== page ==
15 years after Falklands war, British grip strong
Argentine general now says 1982 invasion 'hasty'
June 15, 1997
Web posted at: 4:12 p.m. EDT (2012 GMT)
STANLEY, Falkland Islands (CNN) -- Flocks of sheep still
graze and penguins still frolic amid the barren, idyllic
landscape of the Falkland Islands, just as they did 15 years
But a closer look reveals stark evidence that, back then, the
eyes of the world were on these tiny specks of land in the
South Atlantic, just 800 miles from frigid Antarctica.
The skeletal remains of a crashed aircraft; the ruins of an
abandoned military field hospital; white crosses marking the
graves of soldiers who fell -- all tell the story of the
bitter, pitched military battle played out between two modern
Saturday marked the 15th anniversary of Argentina's surrender
of the Falkland Islands -- or the Malvinas, as the Argentines
prefer to call them -- to Great Britain. Two months earlier,
an Argentine military force had seized the islands, which had
been controlled by the British since 1833 but were also
claimed by Argentina.
At the time of the 1982 conflict, the Falklands -- home to
just 1,800 people and 600,000 sheep -- seemed hardly a
valuable strategic prize. Indeed, it is widely believed that
the military junta then in power in Buenos Aires launched the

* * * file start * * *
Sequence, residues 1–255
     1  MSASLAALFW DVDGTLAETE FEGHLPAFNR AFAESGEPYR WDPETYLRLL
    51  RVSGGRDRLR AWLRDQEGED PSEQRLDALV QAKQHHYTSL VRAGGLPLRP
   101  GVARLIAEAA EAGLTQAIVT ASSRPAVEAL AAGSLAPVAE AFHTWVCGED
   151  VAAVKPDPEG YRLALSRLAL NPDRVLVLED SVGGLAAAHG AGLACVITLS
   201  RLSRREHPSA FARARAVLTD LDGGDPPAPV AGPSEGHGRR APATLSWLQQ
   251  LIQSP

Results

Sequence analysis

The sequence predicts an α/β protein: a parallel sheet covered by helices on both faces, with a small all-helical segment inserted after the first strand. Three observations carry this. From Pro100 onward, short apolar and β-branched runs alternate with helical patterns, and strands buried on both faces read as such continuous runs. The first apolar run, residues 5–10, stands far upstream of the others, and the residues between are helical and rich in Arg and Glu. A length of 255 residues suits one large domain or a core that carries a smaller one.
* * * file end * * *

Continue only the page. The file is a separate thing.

invasion primarily to buoy its deteriorating domestic
In an interview Saturday, a former Argentine military
commander admitted that, in hindsight, the decision to invade
the Falklands was hasty.
"We were not prepared for war," said then-military governor
Gen. Luciano Menendez in an interview with the Buenos Aires
radio station Mitre. "The Argentine government decided to
occupy the islands with 500 men and open negotiations, but it
changed its mind and sent in more troops. And when the
British attacked, we fought back."
War ushered in the end of the Argentine junta
The conflict claimed 712 Argentine soldiers; Britain lost 255
people. And though defeated in war, Argentina still maintains
its territorial claim to the Falklands. Indeed, it was
enshrined into the Argentine constitution in 1995.
However, the war debacle helped lead to the collapse of the
military government, eventually ushering in elections and a
new era of democracy for Argentina.
The war also hardened the attitudes of the staunchly British
Falkland Islanders, as epitomized by a huge Union Jack
painted on the roof of one local house.
"As far as we're concerned, Argentina doesn't exist," says
Brooke Hardcastle, whose home was hit by 26 bullets on the
day of the Argentine invasion. "We don't need Argentina, and
I'm sure they don't need us."
"It's British as far as I'm concerned. It always will be, and
they don't have a claim to it," says islander Brian Aldridge.
Britain and Argentina resumed relations in 1990 and have
signed agreements on oil exploration and fishing in the
waters surrounding the islands. But a British military force
remains on the island, and the London government has invested
in new roads, a port and an airport.
Fifteen years after the shooting stopped, the threat of a
military conflict with Argentina seems remote -- and the
feeling that the islands will long remain British seems
Correspondent Harris Whitbeck contributed to this report.
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